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    The OP never stated he wanted a linear, one of the respondents jumped to that conclusion. A 500W linear is highly impractical and not any more reliable than a WELL BUILT switcher which would be about 1/20 the size and weight of a linear.

    If this is for development work, just buy a good 1kW lab supply that will come with built in protection and is virtually indestructable. Or, keep trying to kluge something cheap together and spend a lifetime fighting with it.
     
  14. kubeek

    AAC Fanatic!

    Sep 20, 2005
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    In his first post OP says he wants iron core transformer with full bridge rectifier and output cap. You don´t use iron core transformers for switchmode supplies.
     
  15. bountyhunter

    Well-Known Member

    Sep 7, 2009
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    Yes, you do if you use a switcher to buck down the unregulated DC supply coming from the FWB/cap. Not all switchers are offline, but 500W power supplies certainly should be offline switchers unless enough money in the budget is allowed for a wheelbarrow to haul this boat anchor around.

    A 500W linear is so impractical in this case it is virtually impossible, the power dissipation would be ridiculous..
     
  16. l0vot

    Thread Starter Member

    Apr 29, 2013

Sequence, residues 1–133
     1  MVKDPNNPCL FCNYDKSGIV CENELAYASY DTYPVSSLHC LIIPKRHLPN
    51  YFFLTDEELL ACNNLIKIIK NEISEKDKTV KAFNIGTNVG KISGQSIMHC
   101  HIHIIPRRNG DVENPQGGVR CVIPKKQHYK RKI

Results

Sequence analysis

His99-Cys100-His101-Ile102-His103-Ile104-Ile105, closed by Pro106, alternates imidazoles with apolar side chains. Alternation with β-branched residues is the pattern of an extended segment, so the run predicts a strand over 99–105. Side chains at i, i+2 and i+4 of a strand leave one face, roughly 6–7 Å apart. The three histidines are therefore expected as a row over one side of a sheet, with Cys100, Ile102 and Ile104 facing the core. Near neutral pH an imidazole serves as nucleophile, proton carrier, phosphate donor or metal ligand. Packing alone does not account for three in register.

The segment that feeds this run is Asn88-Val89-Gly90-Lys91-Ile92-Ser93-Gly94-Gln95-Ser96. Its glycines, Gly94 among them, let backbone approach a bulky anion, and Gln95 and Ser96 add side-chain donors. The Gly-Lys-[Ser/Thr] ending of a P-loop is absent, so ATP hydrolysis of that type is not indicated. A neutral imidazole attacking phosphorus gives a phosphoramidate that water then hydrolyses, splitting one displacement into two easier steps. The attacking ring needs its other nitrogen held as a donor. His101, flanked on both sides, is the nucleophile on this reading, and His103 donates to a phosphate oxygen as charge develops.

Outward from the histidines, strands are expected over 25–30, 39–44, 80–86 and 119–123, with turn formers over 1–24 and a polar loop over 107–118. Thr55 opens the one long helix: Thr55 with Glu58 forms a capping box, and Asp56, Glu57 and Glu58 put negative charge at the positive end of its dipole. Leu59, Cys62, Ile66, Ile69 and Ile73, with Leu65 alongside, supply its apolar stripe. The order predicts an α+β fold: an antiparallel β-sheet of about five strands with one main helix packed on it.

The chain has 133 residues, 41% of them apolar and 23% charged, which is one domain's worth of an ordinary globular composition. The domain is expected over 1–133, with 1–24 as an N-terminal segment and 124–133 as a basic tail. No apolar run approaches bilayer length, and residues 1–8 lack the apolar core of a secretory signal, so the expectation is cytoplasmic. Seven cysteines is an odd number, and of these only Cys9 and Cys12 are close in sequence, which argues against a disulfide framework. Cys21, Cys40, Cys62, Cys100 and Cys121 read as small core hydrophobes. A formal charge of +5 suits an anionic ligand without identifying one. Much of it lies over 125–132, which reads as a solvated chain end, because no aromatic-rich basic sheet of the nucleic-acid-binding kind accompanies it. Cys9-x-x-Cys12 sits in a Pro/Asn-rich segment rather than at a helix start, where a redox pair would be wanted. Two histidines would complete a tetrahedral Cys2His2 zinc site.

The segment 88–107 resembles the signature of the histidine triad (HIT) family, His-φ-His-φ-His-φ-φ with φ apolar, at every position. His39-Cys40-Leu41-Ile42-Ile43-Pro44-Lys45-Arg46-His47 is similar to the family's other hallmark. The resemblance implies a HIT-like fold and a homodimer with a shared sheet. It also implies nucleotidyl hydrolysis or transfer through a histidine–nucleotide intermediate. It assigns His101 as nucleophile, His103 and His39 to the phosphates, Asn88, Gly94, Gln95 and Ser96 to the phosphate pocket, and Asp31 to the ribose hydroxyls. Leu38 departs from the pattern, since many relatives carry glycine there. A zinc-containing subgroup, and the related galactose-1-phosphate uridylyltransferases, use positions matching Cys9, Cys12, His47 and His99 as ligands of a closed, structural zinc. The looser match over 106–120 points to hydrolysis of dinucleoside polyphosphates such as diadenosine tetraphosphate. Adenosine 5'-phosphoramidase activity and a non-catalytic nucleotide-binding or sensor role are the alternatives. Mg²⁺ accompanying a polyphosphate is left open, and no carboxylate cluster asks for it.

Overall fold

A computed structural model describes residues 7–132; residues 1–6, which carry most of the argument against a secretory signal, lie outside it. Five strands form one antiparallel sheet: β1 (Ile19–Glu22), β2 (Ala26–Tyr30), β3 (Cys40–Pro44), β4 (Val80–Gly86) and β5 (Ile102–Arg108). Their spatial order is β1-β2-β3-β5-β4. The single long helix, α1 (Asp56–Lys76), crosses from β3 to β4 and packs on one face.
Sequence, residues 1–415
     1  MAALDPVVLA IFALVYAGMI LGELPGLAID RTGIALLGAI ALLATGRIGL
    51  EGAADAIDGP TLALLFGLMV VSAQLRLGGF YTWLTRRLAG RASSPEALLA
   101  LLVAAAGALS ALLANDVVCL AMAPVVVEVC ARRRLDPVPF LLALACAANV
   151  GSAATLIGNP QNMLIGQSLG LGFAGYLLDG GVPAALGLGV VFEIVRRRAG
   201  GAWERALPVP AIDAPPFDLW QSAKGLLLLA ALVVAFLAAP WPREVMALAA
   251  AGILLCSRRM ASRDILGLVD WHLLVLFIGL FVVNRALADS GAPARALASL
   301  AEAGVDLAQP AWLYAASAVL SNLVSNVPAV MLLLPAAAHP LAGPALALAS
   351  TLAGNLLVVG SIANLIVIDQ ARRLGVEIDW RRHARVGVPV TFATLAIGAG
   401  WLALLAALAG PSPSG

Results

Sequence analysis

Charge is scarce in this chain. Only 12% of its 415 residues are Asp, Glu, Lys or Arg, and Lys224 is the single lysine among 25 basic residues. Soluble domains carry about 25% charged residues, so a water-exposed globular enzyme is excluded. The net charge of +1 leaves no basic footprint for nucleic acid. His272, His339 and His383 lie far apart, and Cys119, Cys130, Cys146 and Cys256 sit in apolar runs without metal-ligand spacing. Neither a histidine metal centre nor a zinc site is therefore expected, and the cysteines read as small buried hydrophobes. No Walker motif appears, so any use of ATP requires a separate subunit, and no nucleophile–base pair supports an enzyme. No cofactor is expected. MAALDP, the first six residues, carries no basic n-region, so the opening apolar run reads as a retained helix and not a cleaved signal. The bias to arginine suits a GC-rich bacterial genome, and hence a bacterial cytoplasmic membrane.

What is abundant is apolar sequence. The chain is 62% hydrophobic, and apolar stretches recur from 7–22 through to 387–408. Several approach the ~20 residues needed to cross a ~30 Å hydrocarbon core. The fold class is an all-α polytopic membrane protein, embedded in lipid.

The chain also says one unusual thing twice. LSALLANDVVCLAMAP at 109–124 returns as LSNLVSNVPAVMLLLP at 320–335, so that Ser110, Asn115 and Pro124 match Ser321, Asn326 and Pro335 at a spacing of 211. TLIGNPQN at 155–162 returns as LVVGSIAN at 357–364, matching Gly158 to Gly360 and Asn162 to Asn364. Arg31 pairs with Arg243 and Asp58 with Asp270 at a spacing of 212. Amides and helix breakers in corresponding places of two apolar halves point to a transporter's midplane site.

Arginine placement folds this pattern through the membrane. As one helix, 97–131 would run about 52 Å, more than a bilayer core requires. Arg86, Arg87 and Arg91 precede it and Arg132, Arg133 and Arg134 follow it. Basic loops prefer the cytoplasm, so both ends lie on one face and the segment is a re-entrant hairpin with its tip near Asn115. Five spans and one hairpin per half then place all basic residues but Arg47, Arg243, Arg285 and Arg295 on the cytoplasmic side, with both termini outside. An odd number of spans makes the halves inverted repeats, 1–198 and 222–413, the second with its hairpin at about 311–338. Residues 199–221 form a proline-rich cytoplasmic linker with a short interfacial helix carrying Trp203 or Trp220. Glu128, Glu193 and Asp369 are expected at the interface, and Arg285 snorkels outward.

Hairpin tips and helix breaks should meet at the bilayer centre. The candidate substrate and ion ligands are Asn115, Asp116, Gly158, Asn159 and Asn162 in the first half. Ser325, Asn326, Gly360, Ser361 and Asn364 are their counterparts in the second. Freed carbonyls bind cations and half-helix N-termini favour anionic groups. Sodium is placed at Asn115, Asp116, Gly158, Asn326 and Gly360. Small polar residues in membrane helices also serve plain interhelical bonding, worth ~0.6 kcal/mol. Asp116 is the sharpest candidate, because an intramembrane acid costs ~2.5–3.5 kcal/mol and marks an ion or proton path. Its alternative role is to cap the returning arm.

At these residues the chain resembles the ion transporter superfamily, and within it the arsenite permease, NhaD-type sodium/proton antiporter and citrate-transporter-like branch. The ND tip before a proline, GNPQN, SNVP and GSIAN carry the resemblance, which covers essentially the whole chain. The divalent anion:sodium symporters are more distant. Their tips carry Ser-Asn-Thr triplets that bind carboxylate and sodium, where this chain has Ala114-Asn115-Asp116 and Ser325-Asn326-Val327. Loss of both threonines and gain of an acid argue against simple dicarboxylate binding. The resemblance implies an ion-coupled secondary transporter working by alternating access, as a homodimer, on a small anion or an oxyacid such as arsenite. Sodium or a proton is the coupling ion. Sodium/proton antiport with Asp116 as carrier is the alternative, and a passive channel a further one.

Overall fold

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    I do not plan to use a printed circuit board unless I think I might be able to sell the PSUs in high volume, and have the cash to back it up. That isn't going to happen in the foreseeable future. I agree the cheap crap made in china isn't going to hold up, but it doesn't change the fact that most PSU suppliers appear to have a quality control problem, and also like to lie about the maximum continuous power their products are able to supply. I agree it might be cheaper to buy one, but if I can figure out how to prevent the output voltage from fluctuating, then I can build a cheap, reliable power supply. that I know how to fix. I don't care how the voltage is stabilized, I don't claim to know the best method to stabilize the output of a power supply. I can see that a regular voltage regulator will dissipate the extra power as heat, and thus are not a good solution. Pulse width modulation, and mag amps appear to be better solutions, but they require control circuitry.